Rep. Mia Ackerman (D-Dist. 45, Cumberland, Lincoln) has introduced legislation that would protect the rights of customers to pay for things in cash.
“More and more retailers are shifting to cashless transactions in other parts of the country for various reasons,” said Representative Ackerman. “From a consumer perspective, this could have a negative impact on working class customers, senior citizens and college students who don’t have credit cards.”
The legislation (2019-H 5116) would make it unlawful for any retail establishment offering goods or services for sale to discriminate against a prospective customer by requiring the use of credit for purchase of goods or services.
“The U.S. dollar is legal tender and should be accepted at any retail establishment in Rhode Island,” said Representative Ackerman. “Others might not want to share their purchasing habits, which can be tracked by using a credit card and used to build a profile on a consumer’s spending tendencies. Cash transactions also make identity theft more difficult.”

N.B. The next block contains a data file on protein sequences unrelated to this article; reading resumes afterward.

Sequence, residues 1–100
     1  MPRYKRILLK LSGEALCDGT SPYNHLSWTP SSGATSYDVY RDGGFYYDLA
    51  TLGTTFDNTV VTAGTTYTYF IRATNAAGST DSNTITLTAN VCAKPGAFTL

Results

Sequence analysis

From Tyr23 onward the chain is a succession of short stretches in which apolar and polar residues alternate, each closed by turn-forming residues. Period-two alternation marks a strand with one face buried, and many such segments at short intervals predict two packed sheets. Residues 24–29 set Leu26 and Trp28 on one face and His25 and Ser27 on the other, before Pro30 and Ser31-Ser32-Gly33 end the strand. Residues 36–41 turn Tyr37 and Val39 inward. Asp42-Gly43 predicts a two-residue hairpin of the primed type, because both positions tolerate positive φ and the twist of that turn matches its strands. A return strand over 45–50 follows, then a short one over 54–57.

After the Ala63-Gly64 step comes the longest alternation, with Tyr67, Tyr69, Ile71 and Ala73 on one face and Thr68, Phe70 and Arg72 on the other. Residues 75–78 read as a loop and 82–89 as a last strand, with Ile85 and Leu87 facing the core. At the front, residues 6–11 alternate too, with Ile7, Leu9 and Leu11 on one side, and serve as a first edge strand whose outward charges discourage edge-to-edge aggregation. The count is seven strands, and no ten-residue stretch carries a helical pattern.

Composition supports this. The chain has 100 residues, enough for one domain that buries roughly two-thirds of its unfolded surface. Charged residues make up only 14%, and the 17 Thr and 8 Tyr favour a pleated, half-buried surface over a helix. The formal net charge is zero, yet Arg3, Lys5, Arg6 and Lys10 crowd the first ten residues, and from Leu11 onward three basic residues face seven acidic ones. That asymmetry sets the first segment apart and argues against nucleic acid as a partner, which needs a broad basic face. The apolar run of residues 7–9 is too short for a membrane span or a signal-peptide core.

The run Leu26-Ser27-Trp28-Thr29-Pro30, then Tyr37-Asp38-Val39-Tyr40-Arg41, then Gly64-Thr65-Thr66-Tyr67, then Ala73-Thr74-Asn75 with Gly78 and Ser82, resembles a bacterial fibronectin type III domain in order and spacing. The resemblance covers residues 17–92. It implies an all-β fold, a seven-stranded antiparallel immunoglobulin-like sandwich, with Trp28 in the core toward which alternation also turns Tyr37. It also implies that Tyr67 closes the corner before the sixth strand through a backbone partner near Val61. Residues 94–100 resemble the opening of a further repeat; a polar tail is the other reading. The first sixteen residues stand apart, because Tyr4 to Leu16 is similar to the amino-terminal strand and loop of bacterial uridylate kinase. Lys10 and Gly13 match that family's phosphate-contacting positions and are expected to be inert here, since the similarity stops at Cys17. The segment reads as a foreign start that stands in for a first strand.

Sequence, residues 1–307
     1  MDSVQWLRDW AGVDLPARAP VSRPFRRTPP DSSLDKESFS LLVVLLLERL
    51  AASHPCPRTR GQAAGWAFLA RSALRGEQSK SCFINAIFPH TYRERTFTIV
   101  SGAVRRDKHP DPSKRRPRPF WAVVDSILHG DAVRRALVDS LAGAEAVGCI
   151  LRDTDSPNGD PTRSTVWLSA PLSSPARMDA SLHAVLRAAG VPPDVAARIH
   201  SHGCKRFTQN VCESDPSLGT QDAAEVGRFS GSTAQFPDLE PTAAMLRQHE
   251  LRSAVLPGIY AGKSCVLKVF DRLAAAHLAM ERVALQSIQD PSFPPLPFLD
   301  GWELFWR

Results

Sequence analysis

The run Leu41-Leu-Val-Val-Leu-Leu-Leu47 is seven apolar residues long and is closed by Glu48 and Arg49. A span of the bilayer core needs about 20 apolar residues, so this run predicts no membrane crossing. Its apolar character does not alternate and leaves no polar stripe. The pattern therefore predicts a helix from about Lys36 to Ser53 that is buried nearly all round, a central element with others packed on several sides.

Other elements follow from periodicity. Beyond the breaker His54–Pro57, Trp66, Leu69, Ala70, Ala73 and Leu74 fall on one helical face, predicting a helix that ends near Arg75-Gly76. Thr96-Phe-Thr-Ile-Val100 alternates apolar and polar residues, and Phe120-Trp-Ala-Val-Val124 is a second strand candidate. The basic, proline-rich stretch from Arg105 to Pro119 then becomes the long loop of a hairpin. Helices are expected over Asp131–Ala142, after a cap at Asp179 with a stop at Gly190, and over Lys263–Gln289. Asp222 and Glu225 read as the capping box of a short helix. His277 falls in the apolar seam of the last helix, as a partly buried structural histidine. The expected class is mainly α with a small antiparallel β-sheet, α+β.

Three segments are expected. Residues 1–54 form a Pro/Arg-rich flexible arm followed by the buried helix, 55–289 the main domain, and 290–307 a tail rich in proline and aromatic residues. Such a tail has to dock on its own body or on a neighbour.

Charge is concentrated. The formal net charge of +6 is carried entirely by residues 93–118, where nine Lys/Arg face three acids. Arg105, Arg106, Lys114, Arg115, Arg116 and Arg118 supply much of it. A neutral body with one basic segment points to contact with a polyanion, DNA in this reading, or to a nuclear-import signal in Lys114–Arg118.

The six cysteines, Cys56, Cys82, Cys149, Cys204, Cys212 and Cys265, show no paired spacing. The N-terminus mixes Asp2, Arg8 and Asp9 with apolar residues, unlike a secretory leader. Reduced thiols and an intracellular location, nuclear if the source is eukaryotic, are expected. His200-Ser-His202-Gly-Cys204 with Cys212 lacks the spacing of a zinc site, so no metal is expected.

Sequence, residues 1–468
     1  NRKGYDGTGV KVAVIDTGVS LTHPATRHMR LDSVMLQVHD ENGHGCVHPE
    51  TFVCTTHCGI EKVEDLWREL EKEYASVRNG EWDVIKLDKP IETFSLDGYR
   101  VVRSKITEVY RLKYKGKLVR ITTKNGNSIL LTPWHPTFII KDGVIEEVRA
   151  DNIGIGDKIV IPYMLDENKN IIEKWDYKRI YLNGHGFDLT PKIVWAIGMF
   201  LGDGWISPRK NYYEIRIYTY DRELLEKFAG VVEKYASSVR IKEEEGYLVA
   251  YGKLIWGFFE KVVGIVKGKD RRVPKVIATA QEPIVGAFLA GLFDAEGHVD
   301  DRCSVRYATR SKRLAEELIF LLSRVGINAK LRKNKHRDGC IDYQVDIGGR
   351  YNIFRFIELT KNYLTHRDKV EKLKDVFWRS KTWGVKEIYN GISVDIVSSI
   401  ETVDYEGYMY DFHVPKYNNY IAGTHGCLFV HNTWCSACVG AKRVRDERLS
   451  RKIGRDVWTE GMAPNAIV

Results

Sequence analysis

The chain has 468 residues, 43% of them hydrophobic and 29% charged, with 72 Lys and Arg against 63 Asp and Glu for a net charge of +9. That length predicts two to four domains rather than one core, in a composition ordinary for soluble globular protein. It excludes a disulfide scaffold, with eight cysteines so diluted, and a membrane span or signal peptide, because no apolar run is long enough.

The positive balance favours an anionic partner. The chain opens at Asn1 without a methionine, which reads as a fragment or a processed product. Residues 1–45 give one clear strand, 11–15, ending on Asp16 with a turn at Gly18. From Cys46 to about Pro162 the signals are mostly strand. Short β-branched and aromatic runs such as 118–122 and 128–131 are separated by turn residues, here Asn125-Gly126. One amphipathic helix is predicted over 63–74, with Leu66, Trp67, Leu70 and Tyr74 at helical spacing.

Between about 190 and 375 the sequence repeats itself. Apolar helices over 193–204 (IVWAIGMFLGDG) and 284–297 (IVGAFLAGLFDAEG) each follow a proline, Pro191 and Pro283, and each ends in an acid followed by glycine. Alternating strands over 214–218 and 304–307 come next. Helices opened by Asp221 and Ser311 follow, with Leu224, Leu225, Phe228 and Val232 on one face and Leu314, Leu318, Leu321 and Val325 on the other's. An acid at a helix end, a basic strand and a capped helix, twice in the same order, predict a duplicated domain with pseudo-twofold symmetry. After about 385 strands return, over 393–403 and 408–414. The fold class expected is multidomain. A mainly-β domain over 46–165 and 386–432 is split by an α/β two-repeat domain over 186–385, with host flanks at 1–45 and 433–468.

According to a survey by the Federal Deposit Insurance Corporation, about 8 percent of households have no bank account and only 75 percent of American adults have credit cards.
“Given the age requirements for credit cards, a cashless policy creates a type of age discrimination that we should not be tolerating,” said Representative Ackerman. “Businesses still have an obligation to be accessible to everybody — not just those who have a credit card.”
The bill, which is cosponsored by Majority Leader K. Joseph Shekarchi (D-Dist. 23, Warwick), Majority Whip John G. Edwards (D-Dist. 70, Tiverton, Portsmouth), Representatives Joseph M. McNamara (D-Dist. 19, Warwick, Cranston) and Christopher R. Blazejewski (D-Dist. 2, Providence), has been referred to the House Corporations Committee.